Why internal marketing is important and how to get started

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Here at Illumine8 Marketing & PR we’ve written scores of blogs and thousands of words about the importance of accurate, consistent branding, and the work that’s required to keep your brand top-of-mind among your most important audiences. What we haven’t touched on is something that many companies forget: Making your brand resonate internally so that it sticks to your staff no matter where they are or who they’re engaging.

If your employees are not “bought in”, it’s very likely your outward facing branding efforts are falling short. Internal and external buy in go hand-in-hand. If your organization is suffering from an internal brand identity crisis, it’s time to implement some internal marketing and net promoter score strategies internally to resolve it.

So, What Is Internal Marketing?

Well, it’s pretty simple: Instead of marketing out to your customers, you turn marketing efforts inward toward your staff in an attempt to build or improve brand awareness and loyalty.

In a 2002 Harvard Business Review article—yes, 2002, but it still resonates today--author Colin Mitchell summarizes the importance of “Selling the Brand Inside”: “Why is internal marketing so important? First, because it’s the best way to help employees make a powerful emotional connection to the products and services you sell. Without that connection, employees are likely to undermine the expectations set by your advertising... We’ve found that when people care about and believe in the brand, they’re motivated to work harder and their loyalty to the company increases. Employees are unified and inspired by a common sense of purpose and identity.”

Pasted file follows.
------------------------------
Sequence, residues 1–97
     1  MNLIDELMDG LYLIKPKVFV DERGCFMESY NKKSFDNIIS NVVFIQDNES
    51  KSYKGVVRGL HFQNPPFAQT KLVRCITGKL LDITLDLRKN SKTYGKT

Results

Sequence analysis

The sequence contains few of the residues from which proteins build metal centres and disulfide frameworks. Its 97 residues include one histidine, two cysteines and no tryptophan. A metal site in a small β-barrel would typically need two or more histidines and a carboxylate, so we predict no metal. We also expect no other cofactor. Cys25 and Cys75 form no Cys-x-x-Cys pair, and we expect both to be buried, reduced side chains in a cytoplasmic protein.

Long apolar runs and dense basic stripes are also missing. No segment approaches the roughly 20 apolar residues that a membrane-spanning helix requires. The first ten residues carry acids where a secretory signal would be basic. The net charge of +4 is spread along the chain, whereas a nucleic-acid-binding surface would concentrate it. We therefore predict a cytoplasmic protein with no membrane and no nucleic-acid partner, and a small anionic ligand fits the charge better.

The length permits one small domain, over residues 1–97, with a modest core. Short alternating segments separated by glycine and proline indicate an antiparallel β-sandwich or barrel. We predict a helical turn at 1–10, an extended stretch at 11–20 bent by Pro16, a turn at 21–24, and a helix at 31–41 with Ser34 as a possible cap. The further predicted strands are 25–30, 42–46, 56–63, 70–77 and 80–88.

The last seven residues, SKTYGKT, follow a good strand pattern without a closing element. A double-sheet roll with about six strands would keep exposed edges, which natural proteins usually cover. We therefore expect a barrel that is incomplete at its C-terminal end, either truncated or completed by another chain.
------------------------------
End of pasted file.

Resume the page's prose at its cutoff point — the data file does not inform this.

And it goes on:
Sounds simple, right? In concept, certainly; in practice, not so much. Essentially, internal marketing works to improve brand awareness and what amounts to an internal Net Promoter Score, or NPS, which we’ve written about frequently in our blog.

What Can We Do To Improve Internal Marketing And NPS?